Happily for the American collector, this will pale against the treasures to be found on these CDs. The transfers are excellent, pitched during long hours of work by my friend (a Walloon, would you believe it ?) Georges Cardol. Georges is a teacher of physics and a talented amateur-baritone, using the score, a piano and his gut feeling when pitching. He takes such care that, not being a shellac guy myself, he succeeded in instilling doubts in me when listening to some selections. Normally, I would have pronounced the Valère Blouse a tone too high but knowing Cardol’s care I probably am wrong. Was Blouse Flemish or Walloon ? some will ask. Neither. The producers (Lemmers, Couvreur, Cardol ) sold the idea of these CDs to the Foundation by telling them that it was an overview of Belgian singers and then they picked out recordings of some of the most rare and interesting singers in the Becko collection, a lot of them French.

The CDs start with four very fine recordings by Henri Albers, a Dutch baritone while French singers like Blouse, Deschamps-Jehin, Dubois, Gilibert, Gilly, Imbart, Leblanc, Saint-Cricq etc. are well represented. Therefore this is foremost a collection of singers who sang in the opera houses of Brussels, Ghent, Antwerp and Liège. Of course there are a lot of Flemish and Walloon singers too, not all of them exceptionally talented but represented by recordings which are extremely rare and almost not to be found elsewhere on CD ( exceptions are well known French singers like Soulacroix who is on well pitched “Truesound” but Saint-Cricq and Landouzy are only to be found on notoriously bad “Malibran”.) Several names were completely unknown to me and it doesn’t come as a surprise there are some dull dogs among them (Dectéry: squeezed; Delvoye: great voice but rough style). But with others we are in for a surprise: unknown Dubois who is almost as good as René Verdière; baritone Emiel van Bosch whom I finally can appreciate due to the fine transfers; Jeanne Montfort who made me sit up wit her Vivandière. Other names will be unknown in the States though they still ring a bell in this country but I’m sure every collector will be surprised by the wonderful spinto voice of Claudine Boons, by Madeleine Farrère so much better and less shrill than better known Clara Clairbert. Tenor Charles Fontaine has a whole CD, produced by Georges Cardol for his friends only (lucky me) but deserves to have an issue widely available. I admire the producers for avoiding cliché names like Bovy, Clairbert and especially Ansseau which would make this issue less interesting as they are already well represented on CD. And I admire them for including items by great names, even if the singing is less than great but now at last we can judge for ourselves if we appreciate the dry tone of Georges Imbart de la Tour or Georgette Leblanc. And the creator record of Flemish tenor Ernest van Dijck (“Pourquoi me réveiller” though he actually created Werther in German) proves that his best years were gone but that the voice was ample indeed. For 15 Euros this is a bargain and I hope these CDs will sell well. Take care to ask for the English language version. Welcome is the news that other labels will be allowed to mine the Becko collection too.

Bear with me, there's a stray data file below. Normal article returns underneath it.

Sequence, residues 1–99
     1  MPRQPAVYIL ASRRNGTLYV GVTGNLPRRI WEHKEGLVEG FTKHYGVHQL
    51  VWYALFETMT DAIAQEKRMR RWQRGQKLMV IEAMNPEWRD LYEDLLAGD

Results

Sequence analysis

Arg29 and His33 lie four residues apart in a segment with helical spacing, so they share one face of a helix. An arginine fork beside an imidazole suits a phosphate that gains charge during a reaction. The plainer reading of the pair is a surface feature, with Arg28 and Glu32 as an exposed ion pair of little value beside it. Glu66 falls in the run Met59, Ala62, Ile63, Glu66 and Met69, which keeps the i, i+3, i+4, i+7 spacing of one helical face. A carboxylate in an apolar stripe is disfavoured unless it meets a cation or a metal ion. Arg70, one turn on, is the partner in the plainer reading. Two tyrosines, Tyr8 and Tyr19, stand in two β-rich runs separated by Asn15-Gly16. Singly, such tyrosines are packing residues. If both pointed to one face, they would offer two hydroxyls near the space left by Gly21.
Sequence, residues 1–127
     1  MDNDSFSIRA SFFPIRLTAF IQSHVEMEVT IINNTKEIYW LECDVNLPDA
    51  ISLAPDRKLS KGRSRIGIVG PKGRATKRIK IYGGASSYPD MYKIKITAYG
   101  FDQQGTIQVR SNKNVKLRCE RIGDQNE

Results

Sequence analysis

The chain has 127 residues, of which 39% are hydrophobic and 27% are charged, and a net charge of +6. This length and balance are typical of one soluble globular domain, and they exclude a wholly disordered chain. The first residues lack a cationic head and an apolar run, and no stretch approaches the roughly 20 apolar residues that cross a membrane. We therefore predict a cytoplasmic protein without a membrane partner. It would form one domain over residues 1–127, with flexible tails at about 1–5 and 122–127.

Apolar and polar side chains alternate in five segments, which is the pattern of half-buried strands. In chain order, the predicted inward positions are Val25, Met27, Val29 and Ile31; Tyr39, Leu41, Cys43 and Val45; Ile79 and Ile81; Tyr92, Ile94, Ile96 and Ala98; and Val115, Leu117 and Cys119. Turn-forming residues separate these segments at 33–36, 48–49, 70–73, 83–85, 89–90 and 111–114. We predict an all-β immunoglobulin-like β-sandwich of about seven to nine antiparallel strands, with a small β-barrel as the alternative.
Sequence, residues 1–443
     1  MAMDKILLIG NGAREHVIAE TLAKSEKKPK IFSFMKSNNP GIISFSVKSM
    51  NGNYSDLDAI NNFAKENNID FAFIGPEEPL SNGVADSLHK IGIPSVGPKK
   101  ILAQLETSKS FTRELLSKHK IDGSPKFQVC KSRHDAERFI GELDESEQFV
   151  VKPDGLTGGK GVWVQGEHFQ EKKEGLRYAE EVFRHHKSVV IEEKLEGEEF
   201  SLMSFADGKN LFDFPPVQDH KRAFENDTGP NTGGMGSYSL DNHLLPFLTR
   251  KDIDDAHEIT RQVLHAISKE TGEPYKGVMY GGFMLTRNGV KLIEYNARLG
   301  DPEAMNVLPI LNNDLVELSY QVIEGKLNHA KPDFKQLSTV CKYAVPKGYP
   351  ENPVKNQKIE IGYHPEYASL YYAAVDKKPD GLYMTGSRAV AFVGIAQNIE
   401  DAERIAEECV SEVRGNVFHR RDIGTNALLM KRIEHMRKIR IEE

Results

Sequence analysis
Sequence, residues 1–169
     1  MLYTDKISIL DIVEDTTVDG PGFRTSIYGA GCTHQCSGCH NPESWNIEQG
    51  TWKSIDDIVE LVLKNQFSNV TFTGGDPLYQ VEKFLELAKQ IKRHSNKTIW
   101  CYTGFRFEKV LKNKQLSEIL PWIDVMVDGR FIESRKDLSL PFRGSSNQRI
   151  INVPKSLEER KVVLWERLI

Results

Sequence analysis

Jan Neckers